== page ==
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BP Says 'Bye-Bye' to Conservative Group ALEC

GinaMarie headshotWords by Gina-Marie Cheeseman
Leadership & Transparency
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BP is the latest company to leave the  American Legislative Exchange Council, the conservative organization better known as ALEC. The organization bills itself as working to “advance limited government, free markets and federalism at the state level.” It does its work through a “nonpartisan public-private partnership” with state legislators and companies, the organization says.

The oil and gas company chose not to renew its ALEC membership, a BP spokesperson told the National Journal, which first reported on the company’s departure. BP told ALEC it was leaving the organization back in December.

"We continually assess our engagements with policy and advocacy organizations, and based on our most recent assessment, we have determined that we can effectively pursue policy matters of current interest to BP without renewing our membership in ALEC," the BP spokesperson said.

Over 100 companies have left ALEC in recent years


BP is among over 100 companies to leave ALEC in recent years. The companies that have left ALEC include Yahoo, Yelp, Facebook and eBay. Fellow oil-and-gas company Occidental Petroleum also left ALEC, as did defense technology company Northrop Grumman.

Google was perhaps the most dramatic and explicit about why it was leaving the organization. Back in September, over 50 organizations sent Google a letter asking the company to leave ALEC. Google didn’t respond to the letter, which asked the company to live up to its motto, “Don’t Be Evil,” by divesting from ALEC. However, about a week later Google chairman Eric Schmidt said during an NPR interview that the tech company’s ALEC membership "was some sort of mistake." He accused ALEC of "literally lying" about climate change.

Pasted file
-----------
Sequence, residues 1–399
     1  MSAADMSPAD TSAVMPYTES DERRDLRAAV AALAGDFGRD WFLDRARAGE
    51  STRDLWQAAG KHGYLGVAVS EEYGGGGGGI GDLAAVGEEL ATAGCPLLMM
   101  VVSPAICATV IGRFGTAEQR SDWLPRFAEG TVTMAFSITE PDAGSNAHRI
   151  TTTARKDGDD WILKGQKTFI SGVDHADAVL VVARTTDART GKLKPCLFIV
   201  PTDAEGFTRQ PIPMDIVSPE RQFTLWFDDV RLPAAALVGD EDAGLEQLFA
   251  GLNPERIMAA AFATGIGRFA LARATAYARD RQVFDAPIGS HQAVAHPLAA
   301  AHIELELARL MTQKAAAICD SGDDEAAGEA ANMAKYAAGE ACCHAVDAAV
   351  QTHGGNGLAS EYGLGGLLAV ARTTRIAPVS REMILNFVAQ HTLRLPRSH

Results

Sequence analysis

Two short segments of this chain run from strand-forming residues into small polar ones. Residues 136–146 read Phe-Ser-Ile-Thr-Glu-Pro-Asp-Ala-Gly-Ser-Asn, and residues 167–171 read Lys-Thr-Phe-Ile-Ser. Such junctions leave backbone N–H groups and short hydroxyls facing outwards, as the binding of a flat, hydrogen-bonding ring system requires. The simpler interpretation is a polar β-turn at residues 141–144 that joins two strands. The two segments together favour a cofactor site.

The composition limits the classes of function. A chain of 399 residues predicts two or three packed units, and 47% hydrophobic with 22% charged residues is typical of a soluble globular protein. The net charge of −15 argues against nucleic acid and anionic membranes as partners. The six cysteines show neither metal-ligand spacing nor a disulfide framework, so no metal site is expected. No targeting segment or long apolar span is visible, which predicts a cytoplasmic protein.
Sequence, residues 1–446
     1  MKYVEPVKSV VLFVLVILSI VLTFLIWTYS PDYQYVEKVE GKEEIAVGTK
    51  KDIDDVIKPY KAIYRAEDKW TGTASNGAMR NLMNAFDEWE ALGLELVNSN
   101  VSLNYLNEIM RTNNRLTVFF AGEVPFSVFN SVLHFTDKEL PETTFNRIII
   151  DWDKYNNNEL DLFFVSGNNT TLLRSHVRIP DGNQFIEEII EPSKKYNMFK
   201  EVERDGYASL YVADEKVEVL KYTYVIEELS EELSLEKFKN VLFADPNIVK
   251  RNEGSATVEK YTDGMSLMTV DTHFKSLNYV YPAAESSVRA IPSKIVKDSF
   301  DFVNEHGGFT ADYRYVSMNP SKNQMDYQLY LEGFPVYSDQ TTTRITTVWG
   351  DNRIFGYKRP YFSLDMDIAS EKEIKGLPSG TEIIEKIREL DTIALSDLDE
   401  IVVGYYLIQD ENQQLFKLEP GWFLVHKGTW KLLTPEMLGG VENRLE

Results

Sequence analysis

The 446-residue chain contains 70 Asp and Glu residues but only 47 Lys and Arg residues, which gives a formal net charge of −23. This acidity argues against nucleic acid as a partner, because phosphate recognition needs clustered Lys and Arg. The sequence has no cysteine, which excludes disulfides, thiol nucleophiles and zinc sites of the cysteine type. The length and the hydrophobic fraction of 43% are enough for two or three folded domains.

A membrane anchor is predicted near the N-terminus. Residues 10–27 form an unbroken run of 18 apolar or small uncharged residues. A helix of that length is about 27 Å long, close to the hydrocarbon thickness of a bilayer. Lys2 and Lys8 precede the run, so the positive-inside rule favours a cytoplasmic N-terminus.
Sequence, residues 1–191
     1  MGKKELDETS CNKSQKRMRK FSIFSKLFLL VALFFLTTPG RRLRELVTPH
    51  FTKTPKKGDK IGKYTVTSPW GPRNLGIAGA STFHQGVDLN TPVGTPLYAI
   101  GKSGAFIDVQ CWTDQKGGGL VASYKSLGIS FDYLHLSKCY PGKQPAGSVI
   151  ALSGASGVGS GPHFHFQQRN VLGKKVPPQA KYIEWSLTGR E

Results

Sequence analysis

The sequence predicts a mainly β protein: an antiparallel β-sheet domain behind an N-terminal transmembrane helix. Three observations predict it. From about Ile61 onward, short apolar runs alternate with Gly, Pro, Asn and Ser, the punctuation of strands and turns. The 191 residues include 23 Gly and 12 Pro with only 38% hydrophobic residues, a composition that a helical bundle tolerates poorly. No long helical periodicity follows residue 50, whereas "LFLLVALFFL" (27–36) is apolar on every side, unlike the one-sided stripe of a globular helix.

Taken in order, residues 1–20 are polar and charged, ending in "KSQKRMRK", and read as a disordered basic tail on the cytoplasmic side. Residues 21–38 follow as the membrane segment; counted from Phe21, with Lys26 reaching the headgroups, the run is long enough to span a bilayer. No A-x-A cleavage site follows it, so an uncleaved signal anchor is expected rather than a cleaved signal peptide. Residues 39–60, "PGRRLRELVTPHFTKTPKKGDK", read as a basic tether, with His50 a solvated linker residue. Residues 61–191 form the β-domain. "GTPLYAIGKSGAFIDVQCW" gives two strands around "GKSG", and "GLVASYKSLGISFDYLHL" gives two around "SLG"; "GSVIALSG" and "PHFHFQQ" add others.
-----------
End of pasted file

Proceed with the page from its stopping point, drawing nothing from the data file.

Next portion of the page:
Environmental groups are happy with BP's decision


Environmental groups have urged BP and other companies to leave ALEC, so they are rightfully excited by the news. That includes the Union of Concerned Scientists (UCS). Peter Frumhoff, director of science and policy for UCS, stated that he, along with the organization's president, Ken Kimmell, “asked senior BP officials to take this step last fall.”

Frumhoff added that the UCS is “gratified that they have listened and that a growing number of people and groups are calling on fossil fuel companies to end their support for ALEC.”

A database by Climate Accountability Institute shows that BP is among 90 companies responsible for extracting the fossil fuels that have caused about two-thirds of all industrial carbon emissions. More than 2.3 percent of all industrial carbon emissions come from BP’s products.

Greenpeace is another environmental organization happy about BP’s departure from ALEC: A blog post from the organization states that the departure of fossil fuel companies like BP and Occidental Petroleum “is a big blow to ALEC.”

Indeed it is a big blow to ALEC and makes one wonder what company will be next to leave the organization.

Image credit: Mike Mozart

Gina-Marie Cheeseman headshotGina-Marie Cheeseman

Gina-Marie is a freelance writer and journalist armed with a degree in journalism, and a passion for social justice, including the environment and sustainability. She writes for various websites, and has made the 75+ Environmentalists to Follow list by Mashable.com.

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